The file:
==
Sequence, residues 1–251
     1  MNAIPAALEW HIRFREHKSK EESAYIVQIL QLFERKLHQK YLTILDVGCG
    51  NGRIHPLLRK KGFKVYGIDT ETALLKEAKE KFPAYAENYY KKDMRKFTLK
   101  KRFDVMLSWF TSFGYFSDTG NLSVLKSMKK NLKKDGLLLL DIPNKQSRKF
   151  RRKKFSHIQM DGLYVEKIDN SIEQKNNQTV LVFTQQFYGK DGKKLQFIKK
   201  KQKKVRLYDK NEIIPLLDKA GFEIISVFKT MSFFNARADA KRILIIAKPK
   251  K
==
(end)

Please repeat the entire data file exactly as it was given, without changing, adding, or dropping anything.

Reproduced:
Sequence, residues 1–251
     1  MNAIPAALEW HIRFREHKSK EESAYIVQIL QLFERKLHQK YLTILDVGCG
    51  NGRIHPLLRK KGFKVYGIDT ETALLKEAKE KFPAYAENYY KKDMRKFTLK
   101  KRFDVMLSWF TSFGYFSDTG NLSVLKSMKK NLKKDGLLLL DIPNKQSRKF
   151  RRKKFSHIQM DGLYVEKIDN SIEQKNNQTV LVFTQQFYGK DGKKLQFIKK
   201  KQKKVRLYDK NEIIPLLDKA GFEIISVFKT MSFFNARADA KRILIIAKPK
   251  K